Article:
Between the two world wars, detective fiction supposedly went through a Golden Age. Coined by the literary critic Howard Haycraft in 1941’s Murder for Pleasure: The Life and Times of the Detective Story, this era was dominated by a certain type of mystery: “cozy” novels with aristocratic manners and hard-to-believe plots. They were invariably British (or written by Anglophilic Americans) and typically featured eccentric sleuths modeled after Arthur Conan Doyle’s Sherlock Holmes. The most famous examples include Agatha Christie’s Hercule Poirot, Dorothy L. Sayers’s Lord Peter Wimsey and Rex Stout’s Nero Wolfe.
In the traditional Golden Age plot, a murder occurs — but not for any apparent reason beyond puzzle solving. After the discovery of the body (which is almost never found rotting), the private detective arrives on the scene, which is usually somewhere sensational, like a Georgian mansion or a yacht traveling the Nile. From here, suspects are questioned and clues examined. It’s an impersonal affair, almost like moving chess pieces or trying the Sunday crossword. By the end, the detective will assemble all of the concerned parties and explain to them how he or she solved the case with superhuman intelligence and the supernatural power of never being wrong. The criminal is then dramatically outed. Some culprits choose suicide, while some let the law run its course. This small world goes back to normal, people get married, and thus the novel ends.
This is textbook escapism. At the time, it was certainly judged that way and few outside of the lending library and Book of the Month Club took these novels seriously. The few who did either sought to bring further order, as in the case of Monsignor Ronald Knox, who created “The Ten Commandments of Detective Fiction,” or actively tried to clutter up the all too tidy world of detective fiction.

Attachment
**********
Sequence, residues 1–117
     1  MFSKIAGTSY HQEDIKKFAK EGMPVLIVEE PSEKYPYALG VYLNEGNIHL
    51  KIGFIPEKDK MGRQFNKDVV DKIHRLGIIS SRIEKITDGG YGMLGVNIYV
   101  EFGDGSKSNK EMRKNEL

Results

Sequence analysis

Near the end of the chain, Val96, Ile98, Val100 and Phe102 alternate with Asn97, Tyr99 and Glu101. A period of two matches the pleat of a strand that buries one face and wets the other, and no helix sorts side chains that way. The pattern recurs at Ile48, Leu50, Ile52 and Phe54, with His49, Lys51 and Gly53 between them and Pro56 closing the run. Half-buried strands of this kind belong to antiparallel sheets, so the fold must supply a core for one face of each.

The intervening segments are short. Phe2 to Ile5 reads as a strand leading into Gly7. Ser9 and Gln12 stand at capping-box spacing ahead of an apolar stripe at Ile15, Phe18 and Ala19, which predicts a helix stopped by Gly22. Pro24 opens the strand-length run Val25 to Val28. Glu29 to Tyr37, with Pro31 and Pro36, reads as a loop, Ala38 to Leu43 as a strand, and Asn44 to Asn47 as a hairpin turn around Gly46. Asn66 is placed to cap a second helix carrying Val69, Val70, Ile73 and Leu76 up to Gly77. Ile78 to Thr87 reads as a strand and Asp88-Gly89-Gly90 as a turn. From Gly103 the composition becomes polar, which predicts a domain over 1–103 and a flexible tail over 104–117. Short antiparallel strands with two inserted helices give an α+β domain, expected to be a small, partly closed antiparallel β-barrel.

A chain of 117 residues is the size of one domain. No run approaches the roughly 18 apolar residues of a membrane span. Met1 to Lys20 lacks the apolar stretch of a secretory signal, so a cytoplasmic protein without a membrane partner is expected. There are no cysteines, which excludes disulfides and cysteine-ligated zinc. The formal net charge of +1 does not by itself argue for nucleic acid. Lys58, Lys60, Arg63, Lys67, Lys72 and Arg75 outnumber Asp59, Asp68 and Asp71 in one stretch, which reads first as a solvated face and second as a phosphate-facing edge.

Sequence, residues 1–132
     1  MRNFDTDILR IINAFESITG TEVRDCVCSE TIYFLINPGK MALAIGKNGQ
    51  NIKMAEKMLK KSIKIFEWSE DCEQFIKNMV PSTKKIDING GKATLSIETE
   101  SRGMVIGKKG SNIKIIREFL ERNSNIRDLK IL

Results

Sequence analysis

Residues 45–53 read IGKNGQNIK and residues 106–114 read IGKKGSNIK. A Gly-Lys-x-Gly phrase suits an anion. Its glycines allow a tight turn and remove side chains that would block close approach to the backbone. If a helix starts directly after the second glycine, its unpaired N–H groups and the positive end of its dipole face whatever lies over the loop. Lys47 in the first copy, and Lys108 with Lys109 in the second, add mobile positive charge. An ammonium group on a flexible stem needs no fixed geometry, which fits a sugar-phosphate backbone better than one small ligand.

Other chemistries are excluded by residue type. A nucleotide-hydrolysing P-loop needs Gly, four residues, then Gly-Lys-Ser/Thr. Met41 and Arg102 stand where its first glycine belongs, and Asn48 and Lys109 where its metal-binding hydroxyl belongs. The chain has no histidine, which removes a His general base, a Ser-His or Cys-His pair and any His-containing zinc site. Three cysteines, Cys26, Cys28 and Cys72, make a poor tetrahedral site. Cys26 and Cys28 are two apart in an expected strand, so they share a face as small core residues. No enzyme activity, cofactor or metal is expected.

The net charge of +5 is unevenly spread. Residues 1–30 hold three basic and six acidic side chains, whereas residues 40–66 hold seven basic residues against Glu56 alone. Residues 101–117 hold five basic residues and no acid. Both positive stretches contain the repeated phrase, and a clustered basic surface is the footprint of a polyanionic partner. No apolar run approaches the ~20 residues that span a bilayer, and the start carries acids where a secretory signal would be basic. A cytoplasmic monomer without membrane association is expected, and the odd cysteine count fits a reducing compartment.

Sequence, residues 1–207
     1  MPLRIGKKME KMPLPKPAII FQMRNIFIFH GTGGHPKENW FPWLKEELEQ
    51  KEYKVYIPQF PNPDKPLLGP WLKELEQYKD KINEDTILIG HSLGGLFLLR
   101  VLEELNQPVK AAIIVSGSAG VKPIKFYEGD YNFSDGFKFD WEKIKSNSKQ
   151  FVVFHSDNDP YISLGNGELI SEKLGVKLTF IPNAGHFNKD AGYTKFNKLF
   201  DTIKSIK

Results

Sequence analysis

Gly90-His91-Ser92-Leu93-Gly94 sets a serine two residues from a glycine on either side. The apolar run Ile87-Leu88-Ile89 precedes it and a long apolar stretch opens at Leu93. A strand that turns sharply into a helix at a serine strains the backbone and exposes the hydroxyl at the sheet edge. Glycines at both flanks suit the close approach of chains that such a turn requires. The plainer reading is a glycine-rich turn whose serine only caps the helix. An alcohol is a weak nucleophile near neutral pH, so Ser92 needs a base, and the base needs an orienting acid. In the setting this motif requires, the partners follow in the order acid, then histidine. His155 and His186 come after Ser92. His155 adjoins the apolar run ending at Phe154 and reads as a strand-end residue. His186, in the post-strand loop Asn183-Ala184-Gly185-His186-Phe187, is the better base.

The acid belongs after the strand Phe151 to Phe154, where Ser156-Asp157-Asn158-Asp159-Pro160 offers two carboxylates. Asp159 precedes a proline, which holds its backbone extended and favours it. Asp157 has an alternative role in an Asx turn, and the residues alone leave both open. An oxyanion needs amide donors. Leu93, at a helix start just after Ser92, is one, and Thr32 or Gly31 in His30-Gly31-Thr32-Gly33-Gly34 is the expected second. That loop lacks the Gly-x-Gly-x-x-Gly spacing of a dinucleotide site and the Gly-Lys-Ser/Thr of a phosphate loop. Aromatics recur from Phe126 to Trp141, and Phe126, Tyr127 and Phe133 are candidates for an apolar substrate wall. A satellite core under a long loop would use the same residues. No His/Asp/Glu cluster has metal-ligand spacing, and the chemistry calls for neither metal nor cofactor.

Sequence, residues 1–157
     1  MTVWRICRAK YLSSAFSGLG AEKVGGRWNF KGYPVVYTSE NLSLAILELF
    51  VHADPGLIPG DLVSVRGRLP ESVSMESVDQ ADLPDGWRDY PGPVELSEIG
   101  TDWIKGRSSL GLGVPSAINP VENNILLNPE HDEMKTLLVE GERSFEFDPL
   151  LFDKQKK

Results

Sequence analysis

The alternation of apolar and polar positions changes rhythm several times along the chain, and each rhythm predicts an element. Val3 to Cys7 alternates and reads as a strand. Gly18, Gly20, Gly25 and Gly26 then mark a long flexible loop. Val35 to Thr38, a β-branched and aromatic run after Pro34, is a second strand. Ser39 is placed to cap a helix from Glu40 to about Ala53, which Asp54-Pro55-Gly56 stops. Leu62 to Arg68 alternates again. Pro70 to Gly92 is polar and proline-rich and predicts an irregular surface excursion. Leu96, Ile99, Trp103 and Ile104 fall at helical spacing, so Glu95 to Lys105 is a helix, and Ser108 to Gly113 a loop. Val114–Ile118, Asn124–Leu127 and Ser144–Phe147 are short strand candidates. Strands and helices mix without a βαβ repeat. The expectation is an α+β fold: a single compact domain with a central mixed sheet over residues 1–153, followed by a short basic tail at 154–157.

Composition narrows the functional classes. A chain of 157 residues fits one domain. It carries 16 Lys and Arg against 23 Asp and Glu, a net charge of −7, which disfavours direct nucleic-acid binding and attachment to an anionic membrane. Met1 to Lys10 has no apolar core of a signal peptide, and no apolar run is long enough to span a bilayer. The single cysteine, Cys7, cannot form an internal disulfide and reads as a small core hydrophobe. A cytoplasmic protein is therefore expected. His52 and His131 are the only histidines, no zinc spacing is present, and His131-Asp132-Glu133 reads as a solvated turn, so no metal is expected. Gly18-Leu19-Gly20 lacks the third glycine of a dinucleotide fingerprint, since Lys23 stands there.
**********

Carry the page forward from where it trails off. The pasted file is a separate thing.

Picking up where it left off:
Raymond Chandler, an American-born writer who had spent most of his young life in England with his Irish mother, was in the latter category. After being fired from his high-paying job at the Dabney Oil Syndicate due to problems stemming from alcoholism, Chandler took up writing at the age of 45 in 1933. Before writing, the author had lived a tough life, and as a result, his later detective novels, which feature the archetypal P.I. Philip Marlowe, inject a hard-boiled realism that cannot be found in other novels from that era.
Chandler — like his literary hero Dashiell Hammett, whom Chandler said “took murder out of the Venetian vase and dropped it in the alley” — preached a cynical, urban and very American style of writing, turning the quaint detective novel into the crime novel. At the time, the Chandler-Hammett school of detective fiction was known as “hard-boiled” and stood in direct contrast to the British Golden Age.
“The Simple Art of Murder,” which was first published in The Atlantic in December 1944, is essentially Chandler laying bare the ethos behind hard-boiled detective fiction. In it, Chandler, who at times reads like a proponent of the realist (or naturalist) school, makes two foundational claims:
- “Fiction in any form has always intended to be realistic.”
- “All reading for pleasure is escape, whether it be Greek, mathematics, astronomy, Benedetto Croce or The Diary of the Forgotten Man.”
From here, Chandler spends a significant portion of the essay savaging the British style of mystery writing. One novel in particular, A. A. Milne’s The Red House Mystery, is reserved as a special case of foolhardy unreality.